- Posted by: Canterbury Labour
- Category: Latest News
There are many ways of responding to a major emergency. Among those not recommended is waiting 3 months to begin taking action, and then suspending any further decisions for another four months because of another emergency. Yet that is what our City Council has done since it declared a Climate Change Emergency just over 12 months ago. It is, in some ways, debatable whether the Council – or at least the ruling Party – has really understood the scale and immediacy of the climate crisis, and thus whether their response has been fast enough or determined enough. If there is one thing any experienced crisis manager will tell you it is this: that speed and focus are crucial to preventing an emergency from spiralling out of control. Canterbury’s response so far has lacked both speed and focus.
That is not to say no progress has been made, but if a typical response can be broken down into four key stages – mitigation, control, resolution, recovery – then the Council has barely begun on the first stage. Meanwhile, the clock ticks on the deadline target of zero carbon Council operations by 2030. That irreplaceable commodity, time, is running out.
Nonetheless, with nine years to go there are encouraging signs at last. The key appointment of a Climate Change officer to the Council staff has lit an (entirely metaphorical) fire under the process. Within a matter of weeks the Council has vital data on where its activities are causing carbon pollution, and proposals for a plan to tackle those causes. It has begun to develop a tree planting strategy, to begin moves to improve cycling routes, and to change all taxis and its own small vehicles fleet to fully electric operation. It is looking at how and when to move the much heavier vehicles it uses or which its suppliers use – refuse collection lorries, park and ride buses – to non-carbon fuels by 2030. Above all, the Council is beginning to understand the scale of the challenge to address the biggest source of carbon pollution: domestic heating in its housing estate.
There is, though, a significant difference between knowing the scale of the problem and being able to do anything about it. With an estate of over 5,000 homes you can imagine that the costs of, for example, replacing gas water boilers with electric ones is huge. Is that deliverable at all, let alone over 9 years, for a Council which has been hit as hard financially as this one has by the Covid19 crisis? Has the response to one crisis, climate, now become overwhelmed by a combination of a public health emergency and a financial crisis?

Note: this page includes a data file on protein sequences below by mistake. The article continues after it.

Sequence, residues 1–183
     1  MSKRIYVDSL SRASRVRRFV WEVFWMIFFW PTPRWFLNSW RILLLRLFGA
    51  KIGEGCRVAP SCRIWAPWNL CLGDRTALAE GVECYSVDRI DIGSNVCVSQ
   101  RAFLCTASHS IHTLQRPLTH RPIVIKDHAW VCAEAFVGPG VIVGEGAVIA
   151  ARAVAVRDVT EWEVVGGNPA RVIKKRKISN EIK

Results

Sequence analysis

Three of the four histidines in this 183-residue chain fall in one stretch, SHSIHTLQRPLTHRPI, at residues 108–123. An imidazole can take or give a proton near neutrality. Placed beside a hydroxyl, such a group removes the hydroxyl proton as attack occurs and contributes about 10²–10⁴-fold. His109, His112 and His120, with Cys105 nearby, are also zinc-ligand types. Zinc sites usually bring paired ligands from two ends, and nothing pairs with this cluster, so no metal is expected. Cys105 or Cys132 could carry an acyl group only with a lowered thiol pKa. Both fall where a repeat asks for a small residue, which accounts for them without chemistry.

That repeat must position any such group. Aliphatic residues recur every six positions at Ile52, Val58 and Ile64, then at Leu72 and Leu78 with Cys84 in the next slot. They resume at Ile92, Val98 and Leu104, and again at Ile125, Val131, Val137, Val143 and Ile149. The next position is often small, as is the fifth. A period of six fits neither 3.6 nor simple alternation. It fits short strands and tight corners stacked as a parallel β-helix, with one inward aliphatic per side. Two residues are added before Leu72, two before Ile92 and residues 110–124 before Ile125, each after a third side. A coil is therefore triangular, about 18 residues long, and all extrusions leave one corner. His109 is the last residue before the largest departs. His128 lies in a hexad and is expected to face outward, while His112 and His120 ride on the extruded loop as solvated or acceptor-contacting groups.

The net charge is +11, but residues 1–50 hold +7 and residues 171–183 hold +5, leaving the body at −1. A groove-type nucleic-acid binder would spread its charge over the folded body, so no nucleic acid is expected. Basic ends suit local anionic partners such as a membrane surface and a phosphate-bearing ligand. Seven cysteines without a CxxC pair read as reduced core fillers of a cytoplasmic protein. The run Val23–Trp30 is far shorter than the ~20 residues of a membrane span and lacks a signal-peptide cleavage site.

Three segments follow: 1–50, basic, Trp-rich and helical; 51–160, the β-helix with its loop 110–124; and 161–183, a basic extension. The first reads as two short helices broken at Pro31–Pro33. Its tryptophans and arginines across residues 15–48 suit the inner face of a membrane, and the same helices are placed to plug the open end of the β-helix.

The choice facing Councillors is stark and it is critical.
Showing determination early in the process is key to spreading the cost of change and to mobilising resources to be applied in the remaining 9 year period.
Finances are extremely tight, a situation made worse by the Government’s scandalous backtracking on its previous commitment to do “whatever it takes” to support Councils in responding to Covid19. Government must be lobbied to either provide funding or loosen the constraints on Council’s ability to raise funds through taxation or borrowing, or both. Without that, the choice will be that we have to cut some non-emergency services to free up funding for what is, by most accounts, a crisis that is as threatening to human life as Covid19.
Yet we ought also to be applying some imagination: new developments must immediately become carbon neutral in operation and construction, requiring radical improvements in the design of both houses and developments overall. We must repurpose existing buildings – offices and retail units – and make much more intensive and dense use of “brownfield” sites. We must build for a walkable locality – the fifteen minute city, as some call it – with shops, schools, coworking hubs and integrated cycle and walking routes. We need to help farmers and industry transition from fossil fuels. And we must apply natural solutions to offset and capture carbon, mitigate climate change impacts and aid recovery.
All this is possible. It requires imagination and commitment of resources and staff. Above all, it requires leadership. We can’t afford to wait much longer to find out whether this Council possesses these qualities.